The 12th annual Best Sapper Competition returns to Fort Leonard Wood Monday through Wednesday, with the next Best Sapper Team being named at 7:30 a.m. April 19 on Gammon Field.
As a signature event to Engineer Regimental Week, the competition is designed to take “50 teams, 50 miles, in 50 hours,” giving Sapper-qualified engineers the opportunity to showcase their skills in specialized engineer and infantry techniques.
Sapper Training Company instructors prepare the competition in between teaching the Sapper Leader Course throughout the year.
Organizers said the main goal is to create an event that is realistic, challenging and fair.
“We try to put as much, if not more effort, into preparing for the competition than competitors who are getting ready to come here,” said Sgt. 1st Class Paul Morris, SLC Patrolling instructor. “It takes a lot of time and resources to make sure all of the coordination is on point. We have a lot of meetings and rehearsals to make the best atmosphere for these competitors.”
Instructors validate the course during a walk-through, validation and a rehearsal. “A lot of the instructors validate the Best Sapper Competition course three to four times prior to competitors going through,” Morris added. “We do this so everything is validated and to work out any kinks or possible scenarios that could give someone an advantage or disadvantage. We want to make sure it’s an equal playing field for all competitors.”
Like the Sapper Leader Course, there are two committees leading the competition: General Subjects and Patrolling.
“When we get to Best Sapper, the segregation of duties goes away, and we come together as a company,” said Sgt. 1st Class Jayden Sekscinski, Patrolling instructor. “Our concerns are our individual lanes. Timing is a huge piece. We have to synchronize everything so teams aren’t waiting or falling short.”
“Everything is generated from the ground up by the instructors,” the Springfield, Missouri, native said. “We plan everything from general idea to concept of operation and brief the resources that we need.”
As they gear up for the competition, SLC instructors have to stay on top of the classes they teach.
“If you take into consideration all the classes that are being conducted simultaneously with Best Sapper Competition planning, it is pretty impressive,” Sekscinski said.
Competition planners wear the Sapper Tab and have the knowledge and skill to plan events, he said.
“Each instructor plans one lane,” said Sgt. 1st Class Saywakram Brijnath, General Subjects instructor. “Instructors must read up. We go through the books and make sure all the lanes are conducted by doctrine.”
Brijnath said doctrine is important to ensure lanes make sense to competitors and to maintain credibility.
Last year, roughly 30 percent of the teams were cut the first night.
“We want to tailor the competition so that we have more teams finish at the end,” Brijnath added. “This year, the competition is still going to be tough, but we’re hoping most of the competitors will make it all the way to the castle. That is our goal.”
Although the events of the competition are not released, instructors do offer consistent advice to competitors.
“We’re not throwing something together that’s impossible,” said Staff Sgt. Louie Smith, SLC instructor. “We’re planning a reasonable competition. We’re not trying to injure competitors, just test them. This is something that can be done by the Sapper leader.”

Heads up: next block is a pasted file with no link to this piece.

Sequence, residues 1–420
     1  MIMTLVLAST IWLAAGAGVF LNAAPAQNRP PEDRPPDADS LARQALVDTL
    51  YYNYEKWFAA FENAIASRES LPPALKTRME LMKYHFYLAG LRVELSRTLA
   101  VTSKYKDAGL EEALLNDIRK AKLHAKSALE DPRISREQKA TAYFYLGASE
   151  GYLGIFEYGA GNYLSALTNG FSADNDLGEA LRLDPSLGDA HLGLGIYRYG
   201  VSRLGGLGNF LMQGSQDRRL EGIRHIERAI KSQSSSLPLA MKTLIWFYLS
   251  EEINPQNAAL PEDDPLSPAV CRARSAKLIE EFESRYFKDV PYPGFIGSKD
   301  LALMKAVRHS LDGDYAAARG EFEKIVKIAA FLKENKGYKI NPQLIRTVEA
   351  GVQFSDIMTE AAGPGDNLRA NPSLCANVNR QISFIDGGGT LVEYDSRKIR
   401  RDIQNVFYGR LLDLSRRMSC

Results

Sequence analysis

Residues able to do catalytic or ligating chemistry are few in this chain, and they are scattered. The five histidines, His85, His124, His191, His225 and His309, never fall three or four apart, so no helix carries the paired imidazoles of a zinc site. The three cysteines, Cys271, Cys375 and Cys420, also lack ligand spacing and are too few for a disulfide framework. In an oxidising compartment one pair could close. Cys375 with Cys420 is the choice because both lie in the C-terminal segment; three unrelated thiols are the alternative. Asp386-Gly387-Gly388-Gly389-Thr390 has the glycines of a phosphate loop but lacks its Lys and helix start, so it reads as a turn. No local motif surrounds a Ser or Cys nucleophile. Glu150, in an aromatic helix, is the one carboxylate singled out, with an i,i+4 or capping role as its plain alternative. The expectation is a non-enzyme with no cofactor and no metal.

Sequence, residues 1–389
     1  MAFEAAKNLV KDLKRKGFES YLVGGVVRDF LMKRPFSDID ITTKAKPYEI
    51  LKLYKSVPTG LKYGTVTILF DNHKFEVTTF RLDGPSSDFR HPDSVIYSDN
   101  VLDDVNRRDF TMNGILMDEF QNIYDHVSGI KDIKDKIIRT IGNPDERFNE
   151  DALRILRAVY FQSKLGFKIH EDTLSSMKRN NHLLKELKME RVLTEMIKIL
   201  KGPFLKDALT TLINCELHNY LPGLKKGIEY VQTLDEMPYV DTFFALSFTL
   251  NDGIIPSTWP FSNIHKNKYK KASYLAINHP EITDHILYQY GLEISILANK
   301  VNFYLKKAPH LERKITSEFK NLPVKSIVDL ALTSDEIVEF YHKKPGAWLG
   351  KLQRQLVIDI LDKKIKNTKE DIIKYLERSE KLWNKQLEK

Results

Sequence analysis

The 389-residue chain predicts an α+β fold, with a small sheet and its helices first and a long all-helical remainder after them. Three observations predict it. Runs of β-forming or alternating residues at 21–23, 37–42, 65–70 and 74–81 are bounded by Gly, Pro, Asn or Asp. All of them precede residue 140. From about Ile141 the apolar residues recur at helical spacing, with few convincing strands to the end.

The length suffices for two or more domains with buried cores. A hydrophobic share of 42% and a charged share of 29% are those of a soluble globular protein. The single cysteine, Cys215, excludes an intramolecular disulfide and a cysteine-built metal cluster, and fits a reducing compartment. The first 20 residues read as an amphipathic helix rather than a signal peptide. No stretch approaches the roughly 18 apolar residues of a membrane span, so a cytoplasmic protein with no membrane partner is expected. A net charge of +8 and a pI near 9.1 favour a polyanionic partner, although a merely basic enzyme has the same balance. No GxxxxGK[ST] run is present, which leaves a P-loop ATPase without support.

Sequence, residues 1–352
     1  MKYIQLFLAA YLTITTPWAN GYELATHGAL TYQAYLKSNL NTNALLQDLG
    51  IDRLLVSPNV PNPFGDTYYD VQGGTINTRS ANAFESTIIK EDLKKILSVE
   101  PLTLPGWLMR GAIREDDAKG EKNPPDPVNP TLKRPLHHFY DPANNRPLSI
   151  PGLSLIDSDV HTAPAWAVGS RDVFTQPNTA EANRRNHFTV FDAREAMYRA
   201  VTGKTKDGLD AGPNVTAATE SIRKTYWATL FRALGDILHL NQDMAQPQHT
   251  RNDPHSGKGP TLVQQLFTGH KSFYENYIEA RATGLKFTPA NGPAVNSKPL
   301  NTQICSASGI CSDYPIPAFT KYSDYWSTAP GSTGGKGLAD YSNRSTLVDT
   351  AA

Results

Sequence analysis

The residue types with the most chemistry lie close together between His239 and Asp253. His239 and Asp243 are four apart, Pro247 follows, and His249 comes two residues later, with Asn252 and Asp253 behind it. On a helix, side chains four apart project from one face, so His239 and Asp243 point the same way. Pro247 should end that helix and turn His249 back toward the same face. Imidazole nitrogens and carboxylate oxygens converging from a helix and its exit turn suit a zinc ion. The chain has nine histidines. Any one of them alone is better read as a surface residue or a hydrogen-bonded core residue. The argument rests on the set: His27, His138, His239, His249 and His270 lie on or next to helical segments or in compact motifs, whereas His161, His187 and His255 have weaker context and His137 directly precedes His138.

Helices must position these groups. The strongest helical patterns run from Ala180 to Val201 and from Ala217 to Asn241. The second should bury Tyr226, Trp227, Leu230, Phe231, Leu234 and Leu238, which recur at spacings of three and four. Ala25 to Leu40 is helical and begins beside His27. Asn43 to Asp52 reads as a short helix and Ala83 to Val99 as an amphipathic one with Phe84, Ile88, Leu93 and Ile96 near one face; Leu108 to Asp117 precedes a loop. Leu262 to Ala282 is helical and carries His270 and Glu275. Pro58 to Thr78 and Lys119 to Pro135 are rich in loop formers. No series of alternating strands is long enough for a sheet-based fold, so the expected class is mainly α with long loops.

“Physical fitness is key,” Smith added. “Competitors are going to have to hit up the Sapper handbook, and Technical Manual 3-34.82, and know all the material that’s in there to successfully master this competition.”
Part of the competition is to solve problems engineers may see on the battlefield.
“It’s definitely a gut check,” said Sgt. 1st Class Robert Moore, an SLC instructor who competed in the Best Sapper Competition in 2015. “It was tough. The Soldiers who make it through definitely don’t have any quit in them whatsoever.”
“For the two or three days you’re moving, you’re definitely going to find a point where you are going to question if you really want to keep doing this,” Moore added. “You have to be able to think, too. There are a lot of technical events. You don’t really sleep. You move roughly around 50 miles in those two or three days. Your ruck sack is heavy. It’s definitely demanding.”
The Sapper Training Company encourages spectators along the way.
“In some lanes we’ll have spectators,” Brijnath said. “In some lanes we can’t have spectators just because of the locations.”
“Coaches can’t say anything to their team,” Brijnath added. “A big part of the competition is integrity. If coaches interfere, there might be some repercussions.”
That said, having spectators “gives competitors a boost to have people from their unit cheer them on,” and provides “extra drive, motivation, support,” he said.
Completing the competition brings pride to the units that dedicate anywhere from three to six months of training to make sure their competitors are ready, Brijnath said.
“Finishing the Best Sapper Competition is prestigious because it represents their unit, the train up and the other engineers in the regiment,” Moore said. “It shows they have the knowledge, skills and experience to make it through such a grueling competition that tests every facet of what being an engineer is in such a short amount of time. You must be a well-rounded individual to accomplish those tasks.”
To instructors, hearing the competitors say thanks for putting together a challenging course makes it worth it.
“There are a lot of bragging rights to bring the trophy home to the unit,” Brijnath said. “It’s a big accomplishment for them. For us, actually being a part of this competition and putting it together is rewarding, especially when you look back on it and can say, ‘Yeah, that went pretty good.’”